1x15 – A single speaker with a 15 inch diameter. Another common speaker combination. The big speaker leads to low end that really booms and can handle the lowest of notes. I personally love the warmth and rounded quality they add to the mids and highs but others hate them and have been known to describe the low-end they produce as muddy and undefined, something I believe is down to their EQ more than the speaker size. You’ll find these guys in many combo amps and in full stacks.

4x12
– Less common but still around, the 12 inch speakers are the middle ground between the 10s and 15s. As you can imagine they have the best of both worlds and are sometimes employed singularly in a small combo. They really accentuate the mids the most, and are the punchiest cabinet known to man. They will also be the loudest possible single cabinet speaker configuration, because the human ear picks up the mids the most. They won’t technically have anymore volume but they’ll still blow some head backs with the awesome mid-end punch.

2x12 - These are the third loudest speaker configuration after a 4x12, and of course an 8x10. You may be saying “Hey wait, if a 4x10 is pushing 40” of air, and these are only pushing 24”, how is this louder? Again, it all goes back to what they accentuate: the mids. They will have very similar properties as a 4x12, in fact the two’s relationship is the exact same as the 2x10  4x10 relationship. They have very similar tones, but the 2x12 has portability advantages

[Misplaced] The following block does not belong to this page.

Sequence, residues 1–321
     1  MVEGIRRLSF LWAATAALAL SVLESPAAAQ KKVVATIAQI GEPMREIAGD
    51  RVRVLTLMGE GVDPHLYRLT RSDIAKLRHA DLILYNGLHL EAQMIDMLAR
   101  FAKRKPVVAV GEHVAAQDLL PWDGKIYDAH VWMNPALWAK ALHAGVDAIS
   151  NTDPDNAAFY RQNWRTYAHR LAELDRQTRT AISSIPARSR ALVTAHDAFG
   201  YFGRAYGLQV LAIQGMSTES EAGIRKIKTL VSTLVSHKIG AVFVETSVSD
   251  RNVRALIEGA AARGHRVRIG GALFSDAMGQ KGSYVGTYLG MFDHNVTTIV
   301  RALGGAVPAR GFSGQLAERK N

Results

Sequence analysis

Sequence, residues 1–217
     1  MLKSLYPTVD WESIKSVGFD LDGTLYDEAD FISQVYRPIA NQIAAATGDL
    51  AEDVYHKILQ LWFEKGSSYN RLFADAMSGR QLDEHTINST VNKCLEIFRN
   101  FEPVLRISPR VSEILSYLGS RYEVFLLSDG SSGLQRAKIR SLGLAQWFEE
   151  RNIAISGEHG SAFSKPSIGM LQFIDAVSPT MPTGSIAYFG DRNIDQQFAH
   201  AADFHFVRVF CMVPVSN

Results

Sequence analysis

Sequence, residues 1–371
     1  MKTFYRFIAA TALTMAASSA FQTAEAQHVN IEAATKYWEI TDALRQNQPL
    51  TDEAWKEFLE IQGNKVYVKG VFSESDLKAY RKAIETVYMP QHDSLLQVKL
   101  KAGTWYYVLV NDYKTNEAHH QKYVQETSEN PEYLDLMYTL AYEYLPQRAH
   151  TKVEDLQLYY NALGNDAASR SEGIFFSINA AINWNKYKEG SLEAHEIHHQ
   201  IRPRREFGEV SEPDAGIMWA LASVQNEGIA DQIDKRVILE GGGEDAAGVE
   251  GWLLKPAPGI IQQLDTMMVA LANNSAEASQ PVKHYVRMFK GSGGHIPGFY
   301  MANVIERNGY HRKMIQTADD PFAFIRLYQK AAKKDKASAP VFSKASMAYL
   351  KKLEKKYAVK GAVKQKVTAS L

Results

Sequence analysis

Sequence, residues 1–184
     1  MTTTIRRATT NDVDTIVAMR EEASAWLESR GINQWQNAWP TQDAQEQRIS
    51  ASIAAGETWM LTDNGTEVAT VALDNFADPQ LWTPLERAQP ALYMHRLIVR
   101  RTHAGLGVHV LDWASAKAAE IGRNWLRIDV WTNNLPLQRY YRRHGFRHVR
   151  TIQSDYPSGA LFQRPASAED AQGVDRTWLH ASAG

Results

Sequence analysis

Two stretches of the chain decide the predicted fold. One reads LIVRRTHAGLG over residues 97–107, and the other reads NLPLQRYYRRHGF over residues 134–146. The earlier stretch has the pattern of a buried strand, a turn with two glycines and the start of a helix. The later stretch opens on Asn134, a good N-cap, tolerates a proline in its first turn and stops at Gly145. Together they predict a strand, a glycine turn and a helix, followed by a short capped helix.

Tweeters
– These are typically speakers with just a 1 inch diameter and are sometimes piezo speakers. They’re added to combos to add a highly defined top end and are often used in conjunction with 1x15’s and 8x10s.
4. EQ

EQ is simple, it’s the boosting and cutting of certain frequencies. It basically allows you to “customize” your sound, there is no such thing as the “best” EQ and it’s up to you to find out one which you like however I will go over some classic sounds and how they’re generally EQed. Some amps have knobs you turn with 12 o’clock being 0. Afternoon times boost the signal and morning times cut. Others have sliders where the middle is 0 and you push it up to boost and down to cut. A KEY POINT TO EQing IS TO NEVER EQ TO EXTREMES. There’s nothing technically wrong with it, but it results in an empty sound, as something is missing, or a raunchy (not in a good way) distorted signal, as something is too present. A general rule of thumb is the “three up, three down” rule (baseball anyone?), or to never cut or boost more than 3dB (thanks fitz-baby). I know what you’re thinking: “Huh? 3dB isn’t that much.” Well, you’re wrong, and here’s why. The first thing you have to think about is the fact that you can boost AND cut 3dB, meaning a total of 6dB of boosting or cutting. The second thing to consider is that 1dB is the change in volume that the human ear can pick up on. Therefore, you have six different levels of sound for each band. In the end, that’s actually quite a hefty amount of tone shaping at your fingertips. Anyway, ENOUGH RULES! On to the fun.

Putting Your EQ to Good Use

The most common set of EQ, is more than likely the Lo, Mid, High, as those come on most beginner amps. So, I’ll talk about this specific combination and what each knob is going to do.